The problem is we are nowhere near as clear on milestones for preemies. So it’s harder for us to spot trouble early.

But what if we could pinpoint the moments where preemies start to fall behind and intervene? 

It requires finding a significant sample size of premature babies. Tracking them over several years. And getting parents to fill out surveys. Together, it amounts to a staggering amount of data collection and analysis. 

But, that’s exactly what Karen Fairchild, MD, approached me about while I was in the NICU. Fairchild is a dedicated neonatologist, or NICU doctor. She also does extensive research and leads many of UVA Health Children's initiatives to improve the outcomes of premature infants.

Tracking Preemies’ Growth & Development

Do You Have a Premature Infant?

You don't need to have been a patient in UVA Health Children's NICU to participate. If your baby was born prematurely, you may be eligible.

The Baby Brain Initiative Project (BaBI) is the first comprehensive study of premature babies during their first 5 years of life.

The BaBI looks at 5 key areas where early signs of difficulty can show themselves. Parents answer questions about: 

Based on the parent’s answers, they’re given a score. The score tells you whether your baby’s skills are on track or if they may need help. If you’re in the “close but not quite” zone, you learn what areas to work on. If your baby is further behind, early intervention can help them get back on track.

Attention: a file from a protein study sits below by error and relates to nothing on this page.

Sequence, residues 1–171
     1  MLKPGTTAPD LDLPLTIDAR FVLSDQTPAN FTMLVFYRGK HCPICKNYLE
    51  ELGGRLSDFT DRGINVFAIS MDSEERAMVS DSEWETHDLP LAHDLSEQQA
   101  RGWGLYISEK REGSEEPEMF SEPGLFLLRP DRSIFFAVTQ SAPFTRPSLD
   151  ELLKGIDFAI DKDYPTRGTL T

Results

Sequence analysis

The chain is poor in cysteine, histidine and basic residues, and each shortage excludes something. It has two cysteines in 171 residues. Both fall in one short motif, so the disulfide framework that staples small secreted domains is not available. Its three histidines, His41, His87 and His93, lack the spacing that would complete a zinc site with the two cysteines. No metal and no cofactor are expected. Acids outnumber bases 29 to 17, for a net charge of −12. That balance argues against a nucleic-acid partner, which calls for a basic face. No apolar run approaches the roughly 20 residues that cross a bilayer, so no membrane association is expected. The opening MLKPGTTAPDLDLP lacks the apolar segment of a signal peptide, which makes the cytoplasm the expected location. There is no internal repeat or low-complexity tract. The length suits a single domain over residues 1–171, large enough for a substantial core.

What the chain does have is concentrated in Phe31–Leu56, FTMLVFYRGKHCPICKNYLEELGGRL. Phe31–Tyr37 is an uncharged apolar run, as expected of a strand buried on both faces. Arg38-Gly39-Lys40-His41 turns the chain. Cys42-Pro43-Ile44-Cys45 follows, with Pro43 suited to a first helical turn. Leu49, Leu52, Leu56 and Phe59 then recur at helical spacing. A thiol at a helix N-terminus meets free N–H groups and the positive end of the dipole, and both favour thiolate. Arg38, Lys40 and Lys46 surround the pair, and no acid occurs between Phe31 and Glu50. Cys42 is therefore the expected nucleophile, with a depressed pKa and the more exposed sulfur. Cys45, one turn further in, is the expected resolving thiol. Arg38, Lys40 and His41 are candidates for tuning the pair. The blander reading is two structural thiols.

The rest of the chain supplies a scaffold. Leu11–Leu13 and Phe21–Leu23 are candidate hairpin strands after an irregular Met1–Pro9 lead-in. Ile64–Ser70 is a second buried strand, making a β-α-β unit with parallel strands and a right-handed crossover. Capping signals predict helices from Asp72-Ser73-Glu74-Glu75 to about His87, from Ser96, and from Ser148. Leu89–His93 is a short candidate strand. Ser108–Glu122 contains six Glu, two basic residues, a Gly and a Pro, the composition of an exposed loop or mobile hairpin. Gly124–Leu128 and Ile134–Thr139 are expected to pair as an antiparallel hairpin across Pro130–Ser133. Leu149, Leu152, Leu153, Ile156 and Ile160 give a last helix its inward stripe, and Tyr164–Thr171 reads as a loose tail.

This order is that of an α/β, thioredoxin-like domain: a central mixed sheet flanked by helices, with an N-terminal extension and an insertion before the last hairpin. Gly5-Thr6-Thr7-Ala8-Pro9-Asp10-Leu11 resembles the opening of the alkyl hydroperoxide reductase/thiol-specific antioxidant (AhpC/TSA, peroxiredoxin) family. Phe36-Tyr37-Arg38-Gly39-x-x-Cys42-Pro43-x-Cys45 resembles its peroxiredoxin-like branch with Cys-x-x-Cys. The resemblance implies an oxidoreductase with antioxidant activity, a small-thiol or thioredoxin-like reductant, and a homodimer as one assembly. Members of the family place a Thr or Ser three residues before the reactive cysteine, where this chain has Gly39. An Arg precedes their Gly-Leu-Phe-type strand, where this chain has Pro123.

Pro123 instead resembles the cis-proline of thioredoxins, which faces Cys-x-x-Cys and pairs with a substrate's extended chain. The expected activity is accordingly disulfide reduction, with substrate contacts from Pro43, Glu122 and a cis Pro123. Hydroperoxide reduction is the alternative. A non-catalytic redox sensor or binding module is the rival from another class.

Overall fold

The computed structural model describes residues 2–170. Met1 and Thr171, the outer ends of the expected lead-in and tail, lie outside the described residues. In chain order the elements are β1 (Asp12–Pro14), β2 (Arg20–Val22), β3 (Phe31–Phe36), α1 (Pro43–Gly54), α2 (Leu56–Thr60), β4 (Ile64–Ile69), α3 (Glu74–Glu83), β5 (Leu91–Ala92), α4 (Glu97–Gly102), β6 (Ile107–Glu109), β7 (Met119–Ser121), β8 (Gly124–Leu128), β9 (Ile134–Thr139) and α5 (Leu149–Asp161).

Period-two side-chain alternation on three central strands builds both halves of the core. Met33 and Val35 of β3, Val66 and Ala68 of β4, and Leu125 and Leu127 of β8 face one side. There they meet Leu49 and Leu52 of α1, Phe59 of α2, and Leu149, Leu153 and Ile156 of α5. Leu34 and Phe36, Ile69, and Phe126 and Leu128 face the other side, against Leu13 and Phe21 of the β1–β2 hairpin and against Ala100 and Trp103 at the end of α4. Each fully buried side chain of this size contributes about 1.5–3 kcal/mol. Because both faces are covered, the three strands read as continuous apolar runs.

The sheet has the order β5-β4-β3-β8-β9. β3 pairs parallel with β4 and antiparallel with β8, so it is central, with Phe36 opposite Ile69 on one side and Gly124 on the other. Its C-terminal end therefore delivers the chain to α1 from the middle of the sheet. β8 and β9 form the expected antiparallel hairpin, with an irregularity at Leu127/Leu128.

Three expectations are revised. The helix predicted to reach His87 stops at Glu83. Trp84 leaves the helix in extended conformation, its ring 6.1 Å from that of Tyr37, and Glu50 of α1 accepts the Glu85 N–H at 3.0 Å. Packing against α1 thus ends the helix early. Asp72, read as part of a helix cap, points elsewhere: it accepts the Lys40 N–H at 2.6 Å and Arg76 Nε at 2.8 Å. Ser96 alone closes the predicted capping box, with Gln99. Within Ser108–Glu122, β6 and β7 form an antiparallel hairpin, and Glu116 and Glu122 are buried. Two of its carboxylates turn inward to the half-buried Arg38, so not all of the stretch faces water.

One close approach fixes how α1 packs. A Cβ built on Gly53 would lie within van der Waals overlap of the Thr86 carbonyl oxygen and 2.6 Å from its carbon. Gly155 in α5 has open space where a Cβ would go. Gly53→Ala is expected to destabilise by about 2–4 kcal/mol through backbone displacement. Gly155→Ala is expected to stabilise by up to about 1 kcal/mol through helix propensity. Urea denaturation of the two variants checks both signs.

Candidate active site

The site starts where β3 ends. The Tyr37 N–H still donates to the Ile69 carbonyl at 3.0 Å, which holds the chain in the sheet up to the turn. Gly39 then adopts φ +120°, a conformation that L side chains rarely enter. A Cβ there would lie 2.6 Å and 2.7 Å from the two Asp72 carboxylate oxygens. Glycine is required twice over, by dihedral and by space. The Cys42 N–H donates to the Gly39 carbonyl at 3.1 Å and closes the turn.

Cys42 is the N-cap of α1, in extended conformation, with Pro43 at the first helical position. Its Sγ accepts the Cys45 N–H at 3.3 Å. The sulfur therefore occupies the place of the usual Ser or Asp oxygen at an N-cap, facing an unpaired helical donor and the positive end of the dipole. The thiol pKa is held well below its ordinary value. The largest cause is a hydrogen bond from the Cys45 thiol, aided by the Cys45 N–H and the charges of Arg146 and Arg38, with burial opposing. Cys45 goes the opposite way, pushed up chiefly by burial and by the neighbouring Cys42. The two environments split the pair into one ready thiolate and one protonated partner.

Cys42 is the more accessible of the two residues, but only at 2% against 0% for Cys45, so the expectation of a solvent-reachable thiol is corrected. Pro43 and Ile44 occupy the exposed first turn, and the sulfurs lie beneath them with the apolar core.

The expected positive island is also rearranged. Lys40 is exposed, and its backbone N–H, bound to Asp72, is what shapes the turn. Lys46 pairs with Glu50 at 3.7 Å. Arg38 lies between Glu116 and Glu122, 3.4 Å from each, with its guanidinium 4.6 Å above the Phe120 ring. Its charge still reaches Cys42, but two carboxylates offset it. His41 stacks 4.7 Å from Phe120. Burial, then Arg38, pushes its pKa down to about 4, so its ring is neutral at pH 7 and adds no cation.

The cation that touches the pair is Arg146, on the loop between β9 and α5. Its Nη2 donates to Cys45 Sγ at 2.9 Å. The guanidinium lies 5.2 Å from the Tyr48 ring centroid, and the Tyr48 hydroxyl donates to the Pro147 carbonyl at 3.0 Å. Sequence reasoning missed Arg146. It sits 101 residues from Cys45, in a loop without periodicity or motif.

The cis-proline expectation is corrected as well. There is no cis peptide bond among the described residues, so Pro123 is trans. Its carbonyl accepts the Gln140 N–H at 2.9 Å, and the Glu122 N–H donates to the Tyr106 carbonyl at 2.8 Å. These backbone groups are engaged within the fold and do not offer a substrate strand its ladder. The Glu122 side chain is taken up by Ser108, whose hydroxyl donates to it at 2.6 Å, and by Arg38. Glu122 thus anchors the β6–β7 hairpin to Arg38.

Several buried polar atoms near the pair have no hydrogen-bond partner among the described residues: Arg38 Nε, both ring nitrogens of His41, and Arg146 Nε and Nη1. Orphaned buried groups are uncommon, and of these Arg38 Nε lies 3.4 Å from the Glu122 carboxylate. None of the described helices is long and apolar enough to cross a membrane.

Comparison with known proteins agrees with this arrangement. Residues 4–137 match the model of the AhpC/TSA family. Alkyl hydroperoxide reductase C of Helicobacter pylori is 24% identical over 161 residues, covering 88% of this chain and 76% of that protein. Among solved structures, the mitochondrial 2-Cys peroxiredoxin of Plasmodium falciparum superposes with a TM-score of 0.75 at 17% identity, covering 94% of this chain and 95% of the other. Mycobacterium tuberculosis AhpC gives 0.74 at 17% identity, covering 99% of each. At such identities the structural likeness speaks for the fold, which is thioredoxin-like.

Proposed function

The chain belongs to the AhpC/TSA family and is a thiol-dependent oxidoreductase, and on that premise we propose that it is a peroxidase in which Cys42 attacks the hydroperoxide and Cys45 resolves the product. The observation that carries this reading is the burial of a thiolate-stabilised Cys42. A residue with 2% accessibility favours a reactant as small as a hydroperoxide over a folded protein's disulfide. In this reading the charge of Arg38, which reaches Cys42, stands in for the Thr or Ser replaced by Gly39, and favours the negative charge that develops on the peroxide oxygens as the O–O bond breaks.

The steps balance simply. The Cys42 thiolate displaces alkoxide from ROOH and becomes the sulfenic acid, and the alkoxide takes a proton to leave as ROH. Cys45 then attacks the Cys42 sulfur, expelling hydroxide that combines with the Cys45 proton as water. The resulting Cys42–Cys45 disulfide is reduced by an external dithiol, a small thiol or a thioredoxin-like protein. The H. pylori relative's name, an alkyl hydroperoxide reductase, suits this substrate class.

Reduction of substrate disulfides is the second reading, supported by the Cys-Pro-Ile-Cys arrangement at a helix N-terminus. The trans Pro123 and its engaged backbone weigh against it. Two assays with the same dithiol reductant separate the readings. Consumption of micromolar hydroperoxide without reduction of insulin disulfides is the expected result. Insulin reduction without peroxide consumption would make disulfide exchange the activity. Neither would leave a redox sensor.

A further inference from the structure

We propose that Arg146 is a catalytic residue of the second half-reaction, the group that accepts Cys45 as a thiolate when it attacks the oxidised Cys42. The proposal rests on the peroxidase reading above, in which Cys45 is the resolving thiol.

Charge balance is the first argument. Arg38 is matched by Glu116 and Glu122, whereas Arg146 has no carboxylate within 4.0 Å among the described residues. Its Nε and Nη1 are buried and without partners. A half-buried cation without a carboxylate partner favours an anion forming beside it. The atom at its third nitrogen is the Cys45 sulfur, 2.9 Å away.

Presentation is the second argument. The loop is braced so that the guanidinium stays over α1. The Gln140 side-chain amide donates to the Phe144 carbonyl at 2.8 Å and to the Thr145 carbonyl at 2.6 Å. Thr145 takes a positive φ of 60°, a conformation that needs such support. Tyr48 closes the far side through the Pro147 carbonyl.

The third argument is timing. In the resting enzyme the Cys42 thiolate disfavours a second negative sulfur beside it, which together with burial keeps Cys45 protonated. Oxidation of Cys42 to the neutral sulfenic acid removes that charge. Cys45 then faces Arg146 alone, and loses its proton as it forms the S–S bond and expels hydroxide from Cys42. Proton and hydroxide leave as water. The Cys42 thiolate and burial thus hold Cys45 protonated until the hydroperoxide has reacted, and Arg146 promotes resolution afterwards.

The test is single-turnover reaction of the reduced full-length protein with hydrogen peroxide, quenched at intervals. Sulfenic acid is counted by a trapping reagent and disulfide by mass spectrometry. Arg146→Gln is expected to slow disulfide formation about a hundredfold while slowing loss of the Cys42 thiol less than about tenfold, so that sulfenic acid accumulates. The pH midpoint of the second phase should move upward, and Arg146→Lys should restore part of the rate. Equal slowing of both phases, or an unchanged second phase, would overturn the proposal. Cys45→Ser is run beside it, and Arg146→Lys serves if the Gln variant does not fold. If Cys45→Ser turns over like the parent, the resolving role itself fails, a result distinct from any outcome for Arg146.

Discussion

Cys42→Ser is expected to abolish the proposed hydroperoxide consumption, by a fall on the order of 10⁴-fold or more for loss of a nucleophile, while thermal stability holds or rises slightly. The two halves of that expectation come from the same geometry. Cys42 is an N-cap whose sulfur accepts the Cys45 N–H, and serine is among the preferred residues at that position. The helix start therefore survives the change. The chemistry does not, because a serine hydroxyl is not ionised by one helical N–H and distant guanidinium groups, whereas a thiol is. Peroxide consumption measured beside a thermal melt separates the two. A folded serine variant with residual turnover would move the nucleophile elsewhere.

Just Say Yes 

It wasn’t the first research study I’d signed my baby up for. The more I read about the history of neonatology (it was a long 4 months, y’all) the more 1 thing became clear. I was in the right place and in the right decade. For a 26-weeker, the odds have never been better than they are right now. And in a level IV NICU ranked among the best in the nation, she had every therapy available to her. 

These advantages were only possible because of 2 groups. 

Doctors who refused to accept limits of viability, average outcomes, or the current standard of care. 

And parents who said yes to research trials. For the same reason they took prenatal supplements and changed their lunch menu. Because they wanted better for their child. Or if not their child, someone else’s child.

For the care that my 26-weeker was receiving, thousands of parents before me had signed research forms and agreed to try for better.

How could I possibly say no? Especially when all I needed to do was fill out a few surveys on how my daughter was doing (already my favorite subject). Fortunately, other families felt the same way I did.

Right now, there are 100 babies enrolled in the BaBI study. The study is still actively enrolling, and if you have a preemie baby, it's an easy way to help out future NICU parents.

It’s a strange club. Like being a NICU parent, it’s a club you don’t really want to join. But it's one where you’re deeply appreciative to be in such good company.